One of the most memorable — and best — dishes from Thanksgiving dinner at Jiko last year was the parsnip crème brûlée. At that point I was pretty crème brûléed out — it’s basically on every Disney sit-down restaurant menu as a gluten-free dessert option — but my interest was piqued when I overheard another server describe the dish as “better than pumpkin pie.” She was right.
While on the surface such an odd pairing — a not-so-popular vegetable with one of the most indulgent desserts — it was brilliant. The slightly spicy flavor of the parsnip hits all the fall notes, and its natural sweetness bridges the dessert gap. And the pile parsnips on top? Delicately crisp, a perfect mirror of the caramelized sugar layer on the custard. It so worked. And has been on my mind ever since.
In order to recreate the magic at home, roasting the parsnips is the way to go — it mellows their sometimes sharp flavor while enhancing their buttery sweetness. The custard comes together quickly in a food processor and then rests overnight to allow the flavors to meld before baking. The candied parsnips are a bit tricky — only in that they need to be made within about an hour of serving the crème brûlée, otherwise they become sticky and no longer crisp. (As for timing, if you’re making this recipe for a holiday meal, when someone else starts cleaning the dinner dishes you can get to work on making the garnish.) They are by no means necessary, but do add that touch of somewhat over-the-top je ne sai quois.
I hope you enjoy this unexpected, festive dessert as much as I do!
Parsnip Crème Brûlée
Preparation Time: 30 minutes
Inactive Preparation Time: 10 hours+
Baking Time: About 1 1/2 hours total (roasted parsnips, custard and candied parsnip garnish)
I do believe this recipe would take very well to doubling, just use a large pan (9″x13″) instead of the 8″x8″.
- 113 grams (1/4 pound, from about 3) peeled and trimmed parsnips
- 5 grams (1 teaspoon) olive oil
- 48 grams (1/4 cup) evaporated cane juice
- 4 large egg yolks
- 227 grams (1 cup) heavy cream
- 1/4 vanilla bean, seeds scraped
- 1/8 teaspoon pumpkin pie spice
Candied Parsnips (optional):
- 1 – 2 parsnips
- 28 grams (2 tablespoons) water
- 24 grams (2 tablespoons) evaporated cane juice or granulated white sugar
Caramelized sugar layer:
- 12 grams (1 tablespoon) light brown sugar, divided
Preheat oven to 450°F. Line a small baking sheet with parchment; set aside. Cut parsnips into about 1/2″x3″ pieces; toss with olive oil. Place on baking sheet and roast — turning half way through — until slightly caramelized on the outside and softened (about 25 minutes). Cool to room temp.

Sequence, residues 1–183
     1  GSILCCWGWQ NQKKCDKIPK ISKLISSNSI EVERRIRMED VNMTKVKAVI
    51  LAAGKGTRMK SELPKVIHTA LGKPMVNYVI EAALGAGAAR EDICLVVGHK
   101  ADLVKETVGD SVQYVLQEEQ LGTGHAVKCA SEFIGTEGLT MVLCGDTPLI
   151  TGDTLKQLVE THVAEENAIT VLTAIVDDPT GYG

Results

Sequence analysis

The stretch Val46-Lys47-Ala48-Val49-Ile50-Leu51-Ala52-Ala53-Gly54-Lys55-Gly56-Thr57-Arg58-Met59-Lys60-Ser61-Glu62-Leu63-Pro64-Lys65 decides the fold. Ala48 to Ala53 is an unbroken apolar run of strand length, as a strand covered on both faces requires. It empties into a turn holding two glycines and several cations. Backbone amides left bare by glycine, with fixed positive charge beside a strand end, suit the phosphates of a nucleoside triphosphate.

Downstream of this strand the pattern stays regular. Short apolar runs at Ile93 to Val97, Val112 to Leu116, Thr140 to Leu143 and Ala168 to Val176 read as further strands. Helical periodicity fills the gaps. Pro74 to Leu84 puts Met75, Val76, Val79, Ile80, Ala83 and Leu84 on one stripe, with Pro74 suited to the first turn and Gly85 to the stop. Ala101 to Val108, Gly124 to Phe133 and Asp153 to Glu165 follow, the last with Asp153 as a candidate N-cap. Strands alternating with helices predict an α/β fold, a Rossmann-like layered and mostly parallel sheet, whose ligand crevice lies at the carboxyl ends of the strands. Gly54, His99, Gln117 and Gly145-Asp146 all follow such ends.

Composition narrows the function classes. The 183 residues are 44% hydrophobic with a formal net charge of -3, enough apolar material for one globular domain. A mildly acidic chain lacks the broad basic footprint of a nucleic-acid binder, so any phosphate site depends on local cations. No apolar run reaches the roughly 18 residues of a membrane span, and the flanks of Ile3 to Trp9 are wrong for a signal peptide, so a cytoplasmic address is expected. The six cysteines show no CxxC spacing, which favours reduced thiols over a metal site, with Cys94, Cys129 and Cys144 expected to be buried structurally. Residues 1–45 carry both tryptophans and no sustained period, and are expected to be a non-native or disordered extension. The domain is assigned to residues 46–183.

DO AHEAD: Parsnips may be roasted and cooled several days ahead of time. Refrigerate until ready to make custard.
Transfer cooled, roasted parsnips (about 1/2 cup) to the bowl of a food processor. Run machine until they’re as broken up as possible, about 1 minute. Scrape down bowl, add evaporated cane juice and process until the mixture becomes more like a finely textured paste, about 1 minute (scrape down bowl as needed). Scrape down bowl, add egg yolks and process just until mixture is slightly lighter in color. Scrape down bowl, add heavy cream, vanilla bean seeds and pumpkin pie spice; pulse several times, just until combined. Strain mixture through a fine mesh sieve into a small bowl — it’s thick so you’ll need to press it through with a spatula or spoon, make sure to scrape underside of sieve to get every last drop (you should have less than 1 tablespoon of waste). Cover and refrigerate for 8 hours or overnight.
Preheat oven to 300°F. Remove prepared custard from fridge, stir. Divide mixture amongst three small ramekins (each about 6-ounce capacity). Set ramekins in an 8″ square baking dish (arrange in an L shape to make it easier to pour in water). Place baking dish in preheated oven, carefully pour hot tap water into dish until it’s about half way up the sides of each ramekin. Rearrange ramekins into a triangle shape and bake just until a slight wiggle remains in the center, about 40 minutes. Allow custards to cool in the water bath for about 15 minutes or until cool enough to handle. Transfer to fridge to chill completely (about 2 hours).
DO AHEAD: Custard may be baked and chilled a day or two in advance.
Prepare candied parsnip garnish (optional):
About 30 minutes – 1 hour before you’re ready to put the finishing touches on the crème brûlée, make candied parsnips. Preheat oven to 300°F. Line a baking sheet — small if using one parsnip, large if two — with parchment; set aside.
Remove and discard peel from parsnip(s). Using a peeler, cut as many thin, long strips (about 1/2″ wide) of parsnip as you can manage; set aside. In a small saucepan (2-quart) combine water and evaporated cane juice. Set over high heat and bring to a boil. Remove pan from heat and stir in parsnips. Carefully remove parsnip slices one by one, shaking off excess simple syrup, and arrange in a single layer on prepared baking sheet.
Place baking sheet in oven and bake for 10 minutes. Remove from oven, flip slices over and cook just until slightly browned, about 10 minutes more (you want them to crisp up once they’re removed from the pan and cool for about a minute or two, I recommend removing one to test for doneness). Peel off parsnip strips and set on a clean sheet of parchment to cool (when removing from the baking sheet, feel free to twirl/make more interesting shapes before transferring to new parchment).
Caramelize the sugar layer, garnish and serve:
Remove cooled custards from fridge, top each with an even layer of brown sugar (1 teaspoon each). Set under a preheated, highest heat broiler until nicely browned (about 1 – 2 minutes, keep a close eye on them!) or caramelize using a blowtorch. Allow to cool for about 1 minute, top with candied parsnips (if using) and serve.